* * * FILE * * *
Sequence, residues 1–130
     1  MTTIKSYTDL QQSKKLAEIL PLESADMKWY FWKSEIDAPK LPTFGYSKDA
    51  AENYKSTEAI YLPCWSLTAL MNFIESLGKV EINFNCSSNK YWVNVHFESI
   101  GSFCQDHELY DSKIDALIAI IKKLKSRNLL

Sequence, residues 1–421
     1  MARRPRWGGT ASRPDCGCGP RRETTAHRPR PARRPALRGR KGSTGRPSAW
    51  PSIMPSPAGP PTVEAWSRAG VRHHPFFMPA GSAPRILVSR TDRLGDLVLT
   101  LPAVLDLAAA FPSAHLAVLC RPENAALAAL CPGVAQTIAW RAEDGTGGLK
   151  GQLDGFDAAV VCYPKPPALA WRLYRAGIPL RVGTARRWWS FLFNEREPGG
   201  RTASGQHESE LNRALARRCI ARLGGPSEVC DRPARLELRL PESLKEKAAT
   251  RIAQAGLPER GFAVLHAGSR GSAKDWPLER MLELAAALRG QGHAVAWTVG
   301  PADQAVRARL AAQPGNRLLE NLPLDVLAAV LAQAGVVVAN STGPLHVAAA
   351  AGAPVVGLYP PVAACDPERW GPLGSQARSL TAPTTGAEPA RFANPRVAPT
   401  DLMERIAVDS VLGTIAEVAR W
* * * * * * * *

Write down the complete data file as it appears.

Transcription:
Sequence, residues 1–130
     1  MTTIKSYTDL QQSKKLAEIL PLESADMKWY FWKSEIDAPK LPTFGYSKDA
    51  AENYKSTEAI YLPCWSLTAL MNFIESLGKV EINFNCSSNK YWVNVHFESI
   101  GSFCQDHELY DSKIDALIAI IKKLKSRNLL

Sequence, residues 1–421
     1  MARRPRWGGT ASRPDCGCGP RRETTAHRPR PARRPALRGR KGSTGRPSAW
    51  PSIMPSPAGP PTVEAWSRAG VRHHPFFMPA GSAPRILVSR TDRLGDLVLT
   101  LPAVLDLAAA FPSAHLAVLC RPENAALAAL CPGVAQTIAW RAEDGTGGLK
   151  GQLDGFDAAV VCYPKPPALA WRLYRAGIPL RVGTARRWWS FLFNEREPGG
   201  RTASGQHESE LNRALARRCI ARLGGPSEVC DRPARLELRL PESLKEKAAT
   251  RIAQAGLPER GFAVLHAGSR GSAKDWPLER MLELAAALRG QGHAVAWTVG
   301  PADQAVRARL AAQPGNRLLE NLPLDVLAAV LAQAGVVVAN STGPLHVAAA
   351  AGAPVVGLYP PVAACDPERW GPLGSQARSL TAPTTGAEPA RFANPRVAPT
   401  DLMERIAVDS VLGTIAEVAR W